Railway Pages Index



We had missed the train ride from Banff to Kamloops via the Spiral Tunnels in June 2013 due to a freight train derailment in the Spiral Tunnels west of Banff and Lake Louise. We still wanted to see that portion of the route. RM management had offered a free two-day trip as compensation, so we took them up on it. After ignoring our emails for two months, RM finally agreed to honour their promises. It wasn't exactly free as we paid for the hotels.

Since we had done the rest of the complete circle tour earlier, we really didn't want to repeat the Kamloops to Vancouver leg then fly home, so we asked to do Banff -- Kamloops -- Jasper instead. This is not a standard two-day trip but RM agreed.
It was a great trip, with its own share of misadventure.

It started inauspiciously. Two hours late leaving Banff due to freight congestion near Calgary, we stopped again (guess where!) at the entrance to the Spiral Tunnels. This time it was a work crew in the tunnel that couldn't get its act together. Three hours later we were finally on our way but made up little time following the freight train ahead of us. By Revelstoke, it was full dark so we missed seeing the lakes around Salmon Arm and the Shuswap, and the arid semi-desert approaching Kamloops. To soothe us, the chefs prepared a very credible supper from unused lunch items. And the wine continued to flow.

Close on 1 AM we hit the hay at a downtown Kamloops hotel. We could sleep in next morning but the rest of the passengers and crew were up at dawn to move on to Vancouver.

Spiral Tunnels
The Spiral Tunnels on the CPR mainline, the cause of the cancelled trip in June and the delay on the replacement trip in September, are world famous and not normally a source of problems for train crews. The complex track design is shown here to illustrate the interesting sightseeing possibilities of the route.

Map of CPR Spiral Tunnels -- Upper Spiral is at bottom of map, Lower Tunnel is near top of map. Each tunnel drops the elevation by about 50 feet, reducing the grade from 4.5% on the "Big Hill" down to a more manageable 2.2%. Kicking Horse River is at the left and Trans-Canada Highway (#1) crosses the CPR twice between the two tunnels. The road on the left goes north to Takakkaw Falls. All this is just west of the Continental Divide on the border between Alberta and British Columbia. Lake Louise AB is off-screen to the top right and Field BC is off-screen to the lower left. The upper tunnel is under Mt Stephen, the lower under Mt Ogden. Image source:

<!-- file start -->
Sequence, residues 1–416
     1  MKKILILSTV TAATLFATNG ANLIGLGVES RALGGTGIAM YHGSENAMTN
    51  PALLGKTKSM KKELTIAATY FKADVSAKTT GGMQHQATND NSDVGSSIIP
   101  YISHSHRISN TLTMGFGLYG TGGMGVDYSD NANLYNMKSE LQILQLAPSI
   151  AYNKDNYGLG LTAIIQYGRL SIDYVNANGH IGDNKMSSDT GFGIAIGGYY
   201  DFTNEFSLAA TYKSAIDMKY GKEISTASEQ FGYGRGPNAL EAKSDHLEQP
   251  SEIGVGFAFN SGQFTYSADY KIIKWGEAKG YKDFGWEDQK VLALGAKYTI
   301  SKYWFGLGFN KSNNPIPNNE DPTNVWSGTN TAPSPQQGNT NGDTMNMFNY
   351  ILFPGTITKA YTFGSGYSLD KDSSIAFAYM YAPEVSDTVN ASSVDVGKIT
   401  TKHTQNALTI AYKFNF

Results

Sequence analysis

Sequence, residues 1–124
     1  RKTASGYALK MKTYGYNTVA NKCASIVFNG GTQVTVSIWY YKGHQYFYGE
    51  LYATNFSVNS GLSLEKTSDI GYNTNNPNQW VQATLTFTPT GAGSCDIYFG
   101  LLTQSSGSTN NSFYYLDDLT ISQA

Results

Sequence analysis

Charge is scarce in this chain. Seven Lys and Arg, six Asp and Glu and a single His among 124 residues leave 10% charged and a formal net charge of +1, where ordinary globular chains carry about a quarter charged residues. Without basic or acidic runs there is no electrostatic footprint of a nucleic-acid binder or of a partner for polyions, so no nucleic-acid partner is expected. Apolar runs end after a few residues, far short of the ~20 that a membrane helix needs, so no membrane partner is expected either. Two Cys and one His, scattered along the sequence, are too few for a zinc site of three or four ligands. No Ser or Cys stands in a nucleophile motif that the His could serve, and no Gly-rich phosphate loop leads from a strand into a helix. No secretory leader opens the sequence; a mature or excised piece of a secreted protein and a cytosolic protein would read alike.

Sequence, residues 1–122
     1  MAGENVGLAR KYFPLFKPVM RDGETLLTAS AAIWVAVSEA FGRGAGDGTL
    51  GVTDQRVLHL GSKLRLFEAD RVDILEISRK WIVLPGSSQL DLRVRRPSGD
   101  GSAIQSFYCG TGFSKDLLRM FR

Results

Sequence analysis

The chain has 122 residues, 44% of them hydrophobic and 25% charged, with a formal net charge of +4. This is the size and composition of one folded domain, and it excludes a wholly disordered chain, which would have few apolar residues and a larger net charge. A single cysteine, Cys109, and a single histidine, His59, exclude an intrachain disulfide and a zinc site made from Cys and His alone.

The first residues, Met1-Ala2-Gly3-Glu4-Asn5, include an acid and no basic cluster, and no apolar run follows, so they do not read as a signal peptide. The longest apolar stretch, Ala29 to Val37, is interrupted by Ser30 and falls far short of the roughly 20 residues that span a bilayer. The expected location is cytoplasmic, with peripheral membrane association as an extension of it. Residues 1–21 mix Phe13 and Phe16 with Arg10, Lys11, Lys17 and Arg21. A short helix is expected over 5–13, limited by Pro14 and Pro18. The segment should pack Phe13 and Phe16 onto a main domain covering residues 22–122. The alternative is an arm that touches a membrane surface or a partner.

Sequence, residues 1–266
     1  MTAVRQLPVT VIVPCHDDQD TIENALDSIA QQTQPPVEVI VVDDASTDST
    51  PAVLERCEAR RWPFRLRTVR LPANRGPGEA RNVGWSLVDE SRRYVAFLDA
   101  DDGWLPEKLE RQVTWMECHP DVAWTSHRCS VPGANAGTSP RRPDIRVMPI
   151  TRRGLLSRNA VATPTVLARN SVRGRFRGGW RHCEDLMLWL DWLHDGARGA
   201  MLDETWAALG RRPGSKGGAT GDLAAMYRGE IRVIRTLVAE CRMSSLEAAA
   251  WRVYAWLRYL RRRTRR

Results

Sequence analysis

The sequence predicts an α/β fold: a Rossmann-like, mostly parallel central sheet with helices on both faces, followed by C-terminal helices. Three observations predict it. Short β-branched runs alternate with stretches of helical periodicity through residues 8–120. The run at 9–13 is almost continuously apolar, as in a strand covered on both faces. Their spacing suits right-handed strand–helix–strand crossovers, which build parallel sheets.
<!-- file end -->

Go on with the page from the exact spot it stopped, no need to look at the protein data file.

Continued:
Lake Louise Heritage Station                        Ballast Spreader parked at Banff

Lower Spiral Tunnel from Upper Spiral                                  Kicking Horse River            

Old CPR Station at Field, BC                                                         Park Bridge from the Mountaineer

                                                                                          Impressive waterfall west of Field, BC               Revelstoke to Kamloops, too dark to see

A Very Fine Day: Kamloops
Downtown Kamloops is a lovely old-fashioned town of stone and brick buildings with an eclectic mix of shops and restaurants. Light traffic, quiet buses, and lots of heritage buildings to look at made a very restful day. Riverside Park between downtown and the North Thompson River includes the railway station and a heritage park, a Japanese Garden, riverside beach, swimming pool, water slide, tennis, lawn bowling, and music nightly in the band shell during the summer.

The 1912 vintage class M-3-d steam locomotive ex-CNR 2-8-0 Consolidation #2141, now called "Spirit of Kamloops", was out of service and out of sight undergoing a boiler rebuild. Some antique rolling stock was on display.

Train watching in downtown Kamloops                            Railway bridge over Thompson River

Fort Kamloops history                                      Kamloops Station

Kamloops Station                                     Snowplow at the ready

Kamloops Heritage Railway cars

Kamloops Heritage Railway Logo                                          A strange caboose

Kamloops famous "Red Bridge"

up the Thompson River: kamloops -- jasper
This leg of the journey is very reminiscent of the Fraser River route to Quesnel, with forestry and cattle operations spread across the landscape. Skirting the edge of a river that once had paddle wheel steamers, the train climbs slowly to the same climax -- Mount Robson. This time it was pretty cloudy beyond the halfway mark. Across the Continental Divide to Jasper was uneventful and we arrived in plenty of time to walk the streets in daylight.

North Thompson River, named after David Thompson, who walked, canoed, and rode horseback for more than 50,000 kilometers to survey and map most of western Canada and northwest USA during the late 1700's

The Mountaineer is turned on a wye here and Via's Canadian spends a couple of hours at the station nearly every day. A neat 2-foot gauge mine engine (decorated as CNR #9) lives in front of the fire hall, as well as the CNR 6015 on display at the station. These plus the hourly freights give a train fan lots to watch. If you are here for the mountains, there's a gondola to the top of The Whistler, the boat ride on Maligne Lake, the trip onto Athabasca Glacier, and much more. Brewster Bus Lines will give you a grand tour.

The 2-foot gauge mining locomotive at the Jasper Fire Hall

Rear end and driver details

Cab interior showing firebox and pressure gauge

THE ADVenture Ends
Next day, we took the Brewster commuter bus via Lake Louise to Banff, grabbed our car and drove home. The adventure was over, 102 days after it had begun, and we had seen Banff and Jasper enough for one year.

Advice: If you want great scenery, fine dining, and super service, try the Rocky Mountaineer. If you want
"on-time", go to Switzerland.

Jasper the Bear - part of Jasper National Park since 1948

Continue to Rocky Mountaineer: Westbound